Tuesday, October 21, 2014

“Crunchy Autumn Chicken Salad” & A Glass Of Wine For "Wordless Tuesday"


Welcome to “Wordless Tuesday!” Today I have a mouthwatering recipe which I know you will love, perfect for the season, also some info on how to pair chicken with wine.…….. Enjoy!
 

Salad is a refreshing, vitamin-rich option used all year round, but the cooler months give us an excuse to top our lettuce with seasonal produce like apples and oranges, as well as ingredients like cheese, nuts, and meat. This satisfying recipe brings out the fruit, chicken, and vegetable fan in all of us. This dish is both tender and crunchy, which is very fulfilling.



                                          "Crunchy Autumn Chicken Salad

Recipe Serves: 4
Prep Time: 15 minutes
Cooking Time: 20-30 minutes



(Photo Courtesy of Knorr)


Ingredients:
1 package Knorr French Onion recipe mix
1/2 cup plain dry bread crumbs
4 boneless, skinless chicken breast halves (about 1 lb)
1/3 cup Mayonnaise
2 medium zucchini, sliced
8 cups mixed salad greens
1 cup grape tomatoes, halved
1 large Granny Smith apple, cored and thinly sliced
1/2 cup walnuts, lightly toasted
1/2 cup dried cranberries

Raspberry & Walnut Vinaigrette

Directions: 
Preheat oven to 425°F  Combine Knorr French Onion recipe mix with bread crumbs in a shallow bowl and set aside. Coat chicken with Mayonnaise, then with bread crumb mixture. Arrange chicken on a baking sheet, and then arrange zucchini around chicken. Bake, turning zucchini once, until chicken is cooked, about 20-30 minutes. Cool chicken slightly, and then slice. Arrange salad greens on serving platter. Top with chicken and zucchini, then remaining ingredients. Drizzle with a Raspberry & Walnut Vinaigrette. It has the flavors of nuts, fruits, and a perfect choice for this dish.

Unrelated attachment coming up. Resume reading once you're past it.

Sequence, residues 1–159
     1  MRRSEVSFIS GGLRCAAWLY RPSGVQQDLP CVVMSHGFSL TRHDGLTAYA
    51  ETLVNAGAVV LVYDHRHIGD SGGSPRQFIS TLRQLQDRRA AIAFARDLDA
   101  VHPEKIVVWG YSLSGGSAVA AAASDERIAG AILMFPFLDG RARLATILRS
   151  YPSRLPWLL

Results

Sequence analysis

"Don’t be chicken to pair wine with your chicken." Chicken lends itself to many different types of sauces and spices, which means that many different types of wines pair well depending on the sauce or spice. Generally speaking, chicken pairs better with white wine because whites don’t overpower the taste of the chicken. But keep the sauce in mind, and be ready to break the rules. If you are making say Chicken Parmesan with a bold tomato sauce, the sauce won’t match with the delicate flavors of a white. You need a hearty red, like a Merlot. Fruity reds go great with spicy sauces and barbecue chicken. If you are making a delicate chicken dish or a chicken Kiev, a nice white would pair nicely. 



Here are a few pairings:

Chardonnay, due to its buttery flavor works best with creamy chicken dishes.
Sauvignon Blanc works well with dishes using green spices like rosemary and thyme or citrus dishes.
Pinot Noir would be great with chicken dishes that are salty.
Riesling and Gewurztraminer, because if there sweetness, work well with spicy chicken dishes.
Merlot is a wine to drink with heavy tomato sauce recipes.

When it comes to pairing wine and chicken it's a bit of a blank slate. Chicken can be paired with any number of wines. Which ones work best really depend upon how the chicken is being prepared. See, there’s no reason to be chicken about wine pairing with chicken. Cin,-Cin!, Cheers, or Salute!




Till Next Time………………………………...................